Research suggests long-term academic gains for children when they attend programs where their preschool teachers hold a bachelor’s degree.
Are preschool teachers with college degrees better at their jobs?
While it’s important to recognise the gains we have made, there is also more that needs to be done to have an effective ECEC system.
Overall, we've seen huge improvements, particularly for children aged three to five years, but now we need a universal approach to quality education and care for our youngest children.
Australia still lags behind comparable OECD countries in the participation of younger children – particularly three year olds.
Despite good progress in recent years, there is still more to do, including improving access to early childhood education for three-year-olds.
Children living in the most disadvantaged areas will average half the NAPLAN scores in reading, writing and numeracy tests than those living in the least disadvantaged areas.
The gap between the most and least advantaged areas in Australia is reflected in educational inequality.
Children are exposed to gender differences and expectations from the moment they are born.
At the age of four, children have a basic understanding of gender differences and expectations. But it is unlikely they would knowingly be sexist.
The gender gap matters, and we need to recruit, train and retain more men to care for and educate our youngest children
Children with at least two years of preschool achieve much higher scores than those who attend no preschool or only one year.
Two years of high-quality preschool is one of the most effective strategies we have to change the trajectories of children from disadvantaged backgrounds.
‘Kindy bootcamps’ tend to be run by untrained teachers.
Parents are sending their children to private pre-school programs as a way to ensure they are ready to start school. But are these effective?
Four-year-old Stacey Musimbi sits inside a specialised early childhood deaf unit programme in Nairobi.
Early childhood education services have proliferated in the public and private sectors. But many children who attend these preschool centres do not receive quality services.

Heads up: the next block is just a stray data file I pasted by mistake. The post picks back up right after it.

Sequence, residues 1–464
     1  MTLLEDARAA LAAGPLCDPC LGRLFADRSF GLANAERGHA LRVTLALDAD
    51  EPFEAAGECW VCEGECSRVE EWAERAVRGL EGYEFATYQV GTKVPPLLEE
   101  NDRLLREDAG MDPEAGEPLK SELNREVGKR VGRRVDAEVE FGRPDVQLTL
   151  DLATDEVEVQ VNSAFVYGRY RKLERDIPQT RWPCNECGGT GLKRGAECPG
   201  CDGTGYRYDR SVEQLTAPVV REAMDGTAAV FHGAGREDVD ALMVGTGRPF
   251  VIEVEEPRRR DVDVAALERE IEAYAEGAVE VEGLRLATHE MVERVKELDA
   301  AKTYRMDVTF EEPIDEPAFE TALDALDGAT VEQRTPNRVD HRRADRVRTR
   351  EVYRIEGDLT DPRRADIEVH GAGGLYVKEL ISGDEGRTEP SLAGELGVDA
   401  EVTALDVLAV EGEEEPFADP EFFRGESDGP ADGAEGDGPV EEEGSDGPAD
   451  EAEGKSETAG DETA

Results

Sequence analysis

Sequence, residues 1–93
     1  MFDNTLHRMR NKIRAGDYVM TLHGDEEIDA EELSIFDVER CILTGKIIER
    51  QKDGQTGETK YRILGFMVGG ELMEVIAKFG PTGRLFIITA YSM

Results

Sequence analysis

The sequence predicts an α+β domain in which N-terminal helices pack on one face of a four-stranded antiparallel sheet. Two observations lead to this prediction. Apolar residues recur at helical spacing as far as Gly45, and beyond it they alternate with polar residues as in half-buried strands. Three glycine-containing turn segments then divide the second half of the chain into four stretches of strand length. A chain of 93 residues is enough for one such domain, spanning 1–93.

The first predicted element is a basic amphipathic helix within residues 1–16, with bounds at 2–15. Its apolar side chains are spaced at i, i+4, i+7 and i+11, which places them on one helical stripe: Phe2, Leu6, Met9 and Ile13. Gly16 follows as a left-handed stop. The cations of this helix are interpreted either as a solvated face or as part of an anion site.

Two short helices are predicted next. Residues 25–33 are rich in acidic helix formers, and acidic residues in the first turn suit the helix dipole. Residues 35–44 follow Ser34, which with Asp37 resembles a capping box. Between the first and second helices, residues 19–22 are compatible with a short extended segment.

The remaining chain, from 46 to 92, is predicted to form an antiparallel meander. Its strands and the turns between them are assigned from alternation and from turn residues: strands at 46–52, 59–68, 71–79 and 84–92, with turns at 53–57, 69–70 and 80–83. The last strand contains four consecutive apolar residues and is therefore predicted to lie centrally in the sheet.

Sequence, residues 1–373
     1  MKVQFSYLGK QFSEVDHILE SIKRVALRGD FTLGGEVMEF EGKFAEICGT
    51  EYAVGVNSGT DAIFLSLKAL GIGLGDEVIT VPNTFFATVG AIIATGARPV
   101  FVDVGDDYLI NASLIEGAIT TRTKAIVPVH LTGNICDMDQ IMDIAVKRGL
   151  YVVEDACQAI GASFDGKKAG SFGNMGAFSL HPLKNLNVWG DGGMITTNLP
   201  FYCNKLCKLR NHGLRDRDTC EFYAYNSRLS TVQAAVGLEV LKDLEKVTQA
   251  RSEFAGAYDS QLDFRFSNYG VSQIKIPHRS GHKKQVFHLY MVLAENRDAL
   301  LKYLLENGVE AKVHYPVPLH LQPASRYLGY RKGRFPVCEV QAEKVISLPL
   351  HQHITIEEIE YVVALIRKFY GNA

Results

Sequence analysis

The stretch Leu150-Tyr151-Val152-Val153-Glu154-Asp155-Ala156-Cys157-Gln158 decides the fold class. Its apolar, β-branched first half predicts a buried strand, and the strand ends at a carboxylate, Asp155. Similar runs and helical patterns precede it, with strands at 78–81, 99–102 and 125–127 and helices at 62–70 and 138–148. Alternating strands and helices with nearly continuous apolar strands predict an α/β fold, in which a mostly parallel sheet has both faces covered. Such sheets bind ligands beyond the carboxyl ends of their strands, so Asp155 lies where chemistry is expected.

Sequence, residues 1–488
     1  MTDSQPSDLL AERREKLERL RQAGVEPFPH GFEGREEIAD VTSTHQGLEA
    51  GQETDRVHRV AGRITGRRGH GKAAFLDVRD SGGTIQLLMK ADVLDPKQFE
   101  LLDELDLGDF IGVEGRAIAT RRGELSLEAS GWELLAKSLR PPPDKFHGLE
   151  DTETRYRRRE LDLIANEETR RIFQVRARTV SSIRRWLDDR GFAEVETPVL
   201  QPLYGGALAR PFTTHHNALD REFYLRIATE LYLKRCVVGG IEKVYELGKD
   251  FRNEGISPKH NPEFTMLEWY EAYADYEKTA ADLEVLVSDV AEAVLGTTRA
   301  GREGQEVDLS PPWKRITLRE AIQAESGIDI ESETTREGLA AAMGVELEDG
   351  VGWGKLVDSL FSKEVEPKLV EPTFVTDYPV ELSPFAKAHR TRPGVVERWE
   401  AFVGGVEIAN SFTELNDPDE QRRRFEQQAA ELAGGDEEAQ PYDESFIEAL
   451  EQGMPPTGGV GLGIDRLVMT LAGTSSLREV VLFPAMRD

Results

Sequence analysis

Attending two years of preschool improves children’s readiness for school.
Ireland is the latest country to offer two years of preschool education to all children. Is it time Australia followed suit?
Those teachers who upgraded to an early childhood teaching degree were most likely to leave the profession.
20% of surveyed early education educators said they want to leave their job due to low pay, volume of paperwork and feeling undervalued.
Labor aims to make quality early education and care more affordable for families.
Labor’s policy does, however, fail to commit to long-term funding for universal access to preschool education.
Children who attend preschool are more likely to be ready to learn when they start school.
Government funding of childcare is seen as something that helps get mums back into work, instead of setting children up for learning before they start school.
Boys are more likely to start school later.
With more parents opting for their child to start school later, it is now possible to have four and a half year olds learning alongside six year olds.
Trying on new roles.
Boston Public Library/Flickr
Research has found a relationship between pretend play and a child's developing creativity, understanding of others and social competence with peers.
Reading with your child at home helps to improve their literacy skills.
Parents who provide learning support at home can improve their child's literacy and emotional development, regardless of their class or educational background.
Children need more than one day per week of preschool education to feel secure, build relationships and support learning.
Under new legislation, children from low-income families will receive just 12 hours of early learning support a week, adding to the risk of these children falling behind their peers at school.
Hop along now dears. HRH Queen Mary with nursery children in 1930.
PA Photos/ PA Archive
Despite big changes in childcare policy at the end of the 20th century, we're asking many of the same questions as in the 1960s.
Everbody should get a go.
Boys playing via wavebreakmedia/www.shutterstock.com
We shouldn't just be blaming the middle classes for snapping up all the free childcare spots.
Bright kids should shine, whatever their background.
Ben Birchall/PA Archive
Cultural vouchers for poor kids could help them get better A Levels.